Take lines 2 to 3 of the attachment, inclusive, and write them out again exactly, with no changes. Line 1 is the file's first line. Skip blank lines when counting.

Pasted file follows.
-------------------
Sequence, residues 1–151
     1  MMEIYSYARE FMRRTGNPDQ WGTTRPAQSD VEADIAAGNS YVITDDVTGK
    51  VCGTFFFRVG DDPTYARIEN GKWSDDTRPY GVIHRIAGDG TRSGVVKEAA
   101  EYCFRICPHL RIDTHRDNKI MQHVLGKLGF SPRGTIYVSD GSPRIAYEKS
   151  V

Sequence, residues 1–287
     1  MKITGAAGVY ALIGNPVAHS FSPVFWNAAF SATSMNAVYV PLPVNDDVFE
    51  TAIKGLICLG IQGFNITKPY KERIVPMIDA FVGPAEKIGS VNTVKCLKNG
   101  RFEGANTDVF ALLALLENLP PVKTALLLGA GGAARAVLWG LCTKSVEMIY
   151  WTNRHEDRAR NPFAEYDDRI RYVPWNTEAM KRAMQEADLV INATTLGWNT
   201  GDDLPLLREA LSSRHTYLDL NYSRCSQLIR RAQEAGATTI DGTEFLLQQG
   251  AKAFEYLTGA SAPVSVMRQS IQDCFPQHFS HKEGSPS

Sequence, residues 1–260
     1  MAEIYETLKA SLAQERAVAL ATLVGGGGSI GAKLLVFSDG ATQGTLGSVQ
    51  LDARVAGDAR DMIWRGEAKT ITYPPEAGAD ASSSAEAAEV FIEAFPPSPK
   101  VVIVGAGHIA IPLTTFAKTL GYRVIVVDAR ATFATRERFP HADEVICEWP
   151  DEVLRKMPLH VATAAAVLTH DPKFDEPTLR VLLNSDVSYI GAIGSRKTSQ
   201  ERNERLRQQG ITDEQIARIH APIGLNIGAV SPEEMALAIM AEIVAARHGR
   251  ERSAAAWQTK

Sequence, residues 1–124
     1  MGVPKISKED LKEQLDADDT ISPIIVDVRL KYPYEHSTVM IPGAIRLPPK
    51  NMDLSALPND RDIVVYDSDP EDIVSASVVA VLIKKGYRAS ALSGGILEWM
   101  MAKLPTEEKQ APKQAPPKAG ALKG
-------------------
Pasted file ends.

     1  MMEIYSYARE FMRRTGNPDQ WGTTRPAQSD VEADIAAGNS YVITDDVTGK
    51  VCGTFFFRVG DDPTYARIEN GKWSDDTRPY GVIHRIAGDG TRSGVVKEAA